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Am Fam Physician. 2017;95(5):292-293

Author disclosure: No relevant financial affiliations.

Clinical Question

How do radioactive iodine therapy and antithyroid medications compare for the treatment of Graves disease?

Evidence-Based Answer

Radioactive iodine therapy and antithyroid medications produce similar health-related quality-of-life outcomes in patients with Graves disease. Radioactive iodine therapy is an appropriate choice for patients who prefer definitive treatment. Antithyroid medications are appropriate in patients attempting to avoid long-term thyroid hormone therapy and should be considered in those with increased risk of Graves ophthalmopathy, such as smokers.1 (Strength of Recommendation: B, based on inconsistent or limited-quality patient-oriented evidence.)

Practice Pointers

Graves disease is the most common cause of hyperthyroidism in the United States. Although radioactive iodine therapy is the most commonly used treatment for Graves disease in the United States, patients in Europe and Japan are more likely to receive antithyroid medications or surgical thyroidectomy.2,3 This Cochrane review compared radioactive iodine therapy with antithyroid medications for quality-of-life outcomes, improvement or prevention of Graves ophthalmopathy, relapse rates, and cost-effectiveness.1

This review included two randomized controlled trials (RCTs) involving 425 adults with Graves disease across 11 Swedish outpatient care centers. Among these, 221 patients were randomized to methimazole (Tapazole) therapy for 18 months and 204 were randomized to a single dose of radioactive iodine therapy. The follow-up period ranged from two to 21 years after treatment completion, depending on the observed outcome. Other RCTs were excluded for reasons such as having a follow-up duration of less than two years (four RCTs), including patients who had received other treatment for Graves disease before the study intervention (one RCT), using inadequate randomization (one RCT), and examining other non-Graves thyroid disorders in the same study (one RCT).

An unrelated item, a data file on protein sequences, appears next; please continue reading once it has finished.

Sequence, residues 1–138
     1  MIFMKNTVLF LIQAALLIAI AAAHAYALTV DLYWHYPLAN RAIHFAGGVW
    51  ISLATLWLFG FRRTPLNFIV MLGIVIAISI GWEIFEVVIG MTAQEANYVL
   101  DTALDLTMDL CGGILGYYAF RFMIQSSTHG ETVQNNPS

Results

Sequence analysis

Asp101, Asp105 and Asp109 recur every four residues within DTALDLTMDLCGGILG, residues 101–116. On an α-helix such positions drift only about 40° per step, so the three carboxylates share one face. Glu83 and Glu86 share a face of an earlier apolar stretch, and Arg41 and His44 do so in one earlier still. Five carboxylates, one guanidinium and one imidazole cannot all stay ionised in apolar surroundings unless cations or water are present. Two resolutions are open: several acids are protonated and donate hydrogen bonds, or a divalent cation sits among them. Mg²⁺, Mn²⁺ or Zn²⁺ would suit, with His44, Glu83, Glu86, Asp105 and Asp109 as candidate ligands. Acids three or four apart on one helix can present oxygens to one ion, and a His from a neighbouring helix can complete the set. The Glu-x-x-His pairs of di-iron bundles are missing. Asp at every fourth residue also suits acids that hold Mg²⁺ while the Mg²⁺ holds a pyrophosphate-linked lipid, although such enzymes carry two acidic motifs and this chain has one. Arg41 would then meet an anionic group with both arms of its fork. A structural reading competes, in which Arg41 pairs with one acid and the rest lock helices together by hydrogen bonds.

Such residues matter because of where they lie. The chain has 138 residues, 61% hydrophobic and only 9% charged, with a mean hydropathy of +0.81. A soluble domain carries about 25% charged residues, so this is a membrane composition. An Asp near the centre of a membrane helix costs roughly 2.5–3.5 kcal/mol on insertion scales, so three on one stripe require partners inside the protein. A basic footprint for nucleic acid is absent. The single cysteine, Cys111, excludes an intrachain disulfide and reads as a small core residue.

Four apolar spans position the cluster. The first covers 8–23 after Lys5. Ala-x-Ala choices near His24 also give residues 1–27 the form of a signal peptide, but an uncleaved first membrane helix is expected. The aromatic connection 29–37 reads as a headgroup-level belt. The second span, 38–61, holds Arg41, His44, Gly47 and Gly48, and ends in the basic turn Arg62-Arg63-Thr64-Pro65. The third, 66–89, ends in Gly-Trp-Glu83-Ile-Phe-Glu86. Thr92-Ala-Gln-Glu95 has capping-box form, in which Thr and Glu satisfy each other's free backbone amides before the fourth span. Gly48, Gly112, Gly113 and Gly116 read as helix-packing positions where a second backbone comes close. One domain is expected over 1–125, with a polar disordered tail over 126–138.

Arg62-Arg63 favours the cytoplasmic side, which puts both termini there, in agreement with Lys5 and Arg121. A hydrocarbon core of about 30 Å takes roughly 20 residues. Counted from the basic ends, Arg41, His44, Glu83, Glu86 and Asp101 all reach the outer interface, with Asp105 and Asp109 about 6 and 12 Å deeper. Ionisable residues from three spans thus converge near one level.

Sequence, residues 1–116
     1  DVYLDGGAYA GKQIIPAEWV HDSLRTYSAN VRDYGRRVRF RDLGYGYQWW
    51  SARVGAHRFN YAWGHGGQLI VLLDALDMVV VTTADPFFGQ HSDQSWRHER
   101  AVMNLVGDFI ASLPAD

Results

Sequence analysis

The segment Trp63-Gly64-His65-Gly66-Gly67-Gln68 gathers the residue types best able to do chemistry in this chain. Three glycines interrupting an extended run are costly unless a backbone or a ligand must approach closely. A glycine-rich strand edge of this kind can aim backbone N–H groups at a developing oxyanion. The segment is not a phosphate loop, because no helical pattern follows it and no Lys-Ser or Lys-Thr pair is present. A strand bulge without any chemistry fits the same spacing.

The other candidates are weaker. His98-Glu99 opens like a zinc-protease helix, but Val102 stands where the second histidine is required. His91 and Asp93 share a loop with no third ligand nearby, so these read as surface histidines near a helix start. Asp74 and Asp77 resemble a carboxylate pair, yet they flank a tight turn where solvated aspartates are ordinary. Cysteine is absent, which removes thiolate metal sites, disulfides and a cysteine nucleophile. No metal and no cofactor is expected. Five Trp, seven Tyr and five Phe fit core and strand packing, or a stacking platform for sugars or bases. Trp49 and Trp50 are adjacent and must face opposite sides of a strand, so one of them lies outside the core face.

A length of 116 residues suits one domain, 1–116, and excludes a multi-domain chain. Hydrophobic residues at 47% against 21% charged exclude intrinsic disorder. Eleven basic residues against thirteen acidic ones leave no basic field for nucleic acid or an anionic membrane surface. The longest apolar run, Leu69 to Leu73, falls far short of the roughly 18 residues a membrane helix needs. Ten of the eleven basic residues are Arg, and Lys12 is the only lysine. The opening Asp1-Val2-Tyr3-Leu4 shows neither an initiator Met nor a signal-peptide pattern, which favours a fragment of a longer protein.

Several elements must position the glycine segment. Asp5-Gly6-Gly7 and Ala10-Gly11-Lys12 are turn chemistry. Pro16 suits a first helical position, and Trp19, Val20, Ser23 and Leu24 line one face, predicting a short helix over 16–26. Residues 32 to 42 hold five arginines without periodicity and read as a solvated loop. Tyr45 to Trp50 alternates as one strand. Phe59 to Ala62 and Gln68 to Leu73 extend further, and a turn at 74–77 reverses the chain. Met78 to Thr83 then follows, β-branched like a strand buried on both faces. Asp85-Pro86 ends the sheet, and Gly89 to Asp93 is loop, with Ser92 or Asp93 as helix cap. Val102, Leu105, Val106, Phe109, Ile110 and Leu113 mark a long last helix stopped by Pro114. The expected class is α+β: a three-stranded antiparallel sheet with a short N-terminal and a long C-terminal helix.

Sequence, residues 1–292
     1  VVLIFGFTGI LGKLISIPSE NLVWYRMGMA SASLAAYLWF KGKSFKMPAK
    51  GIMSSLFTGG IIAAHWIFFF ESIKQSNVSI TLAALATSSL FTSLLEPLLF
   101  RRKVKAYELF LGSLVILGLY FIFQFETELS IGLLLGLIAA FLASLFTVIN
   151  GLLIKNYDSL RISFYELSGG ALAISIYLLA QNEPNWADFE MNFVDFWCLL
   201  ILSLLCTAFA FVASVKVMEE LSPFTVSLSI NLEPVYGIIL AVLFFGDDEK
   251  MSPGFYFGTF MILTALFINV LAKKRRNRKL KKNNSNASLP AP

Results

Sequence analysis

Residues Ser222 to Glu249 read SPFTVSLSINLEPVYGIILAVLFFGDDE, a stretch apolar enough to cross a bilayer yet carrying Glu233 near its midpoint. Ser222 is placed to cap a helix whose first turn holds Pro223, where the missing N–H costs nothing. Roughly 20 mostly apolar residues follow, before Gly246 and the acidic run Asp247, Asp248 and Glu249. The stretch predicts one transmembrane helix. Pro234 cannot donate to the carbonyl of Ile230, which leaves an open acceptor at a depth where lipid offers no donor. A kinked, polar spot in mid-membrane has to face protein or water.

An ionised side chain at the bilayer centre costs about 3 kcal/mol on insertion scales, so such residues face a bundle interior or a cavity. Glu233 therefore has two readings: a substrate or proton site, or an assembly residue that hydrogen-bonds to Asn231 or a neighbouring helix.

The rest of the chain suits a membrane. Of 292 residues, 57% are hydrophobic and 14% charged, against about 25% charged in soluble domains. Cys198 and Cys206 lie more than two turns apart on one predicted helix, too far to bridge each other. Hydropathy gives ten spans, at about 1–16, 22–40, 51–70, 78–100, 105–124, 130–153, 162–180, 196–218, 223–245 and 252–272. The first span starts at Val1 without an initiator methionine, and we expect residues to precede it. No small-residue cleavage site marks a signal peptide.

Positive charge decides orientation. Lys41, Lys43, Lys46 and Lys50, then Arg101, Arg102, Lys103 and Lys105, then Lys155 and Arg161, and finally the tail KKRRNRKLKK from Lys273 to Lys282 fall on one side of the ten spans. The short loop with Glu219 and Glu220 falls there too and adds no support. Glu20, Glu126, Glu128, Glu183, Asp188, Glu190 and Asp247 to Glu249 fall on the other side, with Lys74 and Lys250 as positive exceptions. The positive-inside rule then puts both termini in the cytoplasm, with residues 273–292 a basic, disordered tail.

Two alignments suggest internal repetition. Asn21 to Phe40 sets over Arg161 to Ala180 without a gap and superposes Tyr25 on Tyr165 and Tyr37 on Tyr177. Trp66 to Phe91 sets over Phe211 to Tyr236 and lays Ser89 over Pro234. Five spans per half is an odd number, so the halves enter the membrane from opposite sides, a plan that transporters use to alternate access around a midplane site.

Health-related quality of life as determined by a self-reported 36-item short-form survey was similar between groups. The rate of development or worsening of Graves ophthalmopathy in the radioactive iodine therapy group was almost twice the rate in the methimazole group (relative risk [RR] = 1.94; 95% confidence interval [CI], 1.40 to 2.70).

The only major adverse effect associated with radioactive iodine therapy was post-treatment hypothyroidism, which affected 95% of those receiving radioactive iodine therapy in one study and made lifelong thyroid hormone therapy necessary. Of the participants who received methimazole, 94% achieved euthyroidism without further medications. Those who took methimazole had a higher rate of relapse compared with those receiving radioactive iodine therapy. One study had a relapse rate for methimazole of 34% (RR = 0.6; 95% CI, 0.3 to 1.23); the second study had a relapse rate of 22% (RR = 0.06; 95% CI, 0.01 to 0.23). Other studies have reported relapse rates closer to 50%.4,5 Of those in the methimazole group, 11% reported adverse effects such as agranulocytosis and hepatotoxicity that affected their quality of life.

These findings are consistent with those of a 2015 review on Graves disease management that included 52 observational studies, 13 randomized clinical trials, and five systematic reviews.4 That review included studies with shorter follow-up intervals and studies that included analysis of Graves disease as well as additional thyroid disease, such as nontoxic goiter.

The American Thyroid Association recommends all three treatments—antithyroid medications, radioactive iodine, and thyroidectomy—equally in its management guidelines, encouraging physicians to make treatment decisions based on patient-specific needs.5 The Cochrane review findings suggest that antithyroid medications may be underutilized in the United States given their lower cost, lower incidence of ophthalmologic complications, and potential avoidance of lifelong thyroid hormone therapy.

The practice recommendations in this activity are available at

These are summaries of reviews from the Cochrane Library.

This series is coordinated by Corey D. Fogleman, MD, assistant medical editor.

A collection of Cochrane for Clinicians published in AFP is available at

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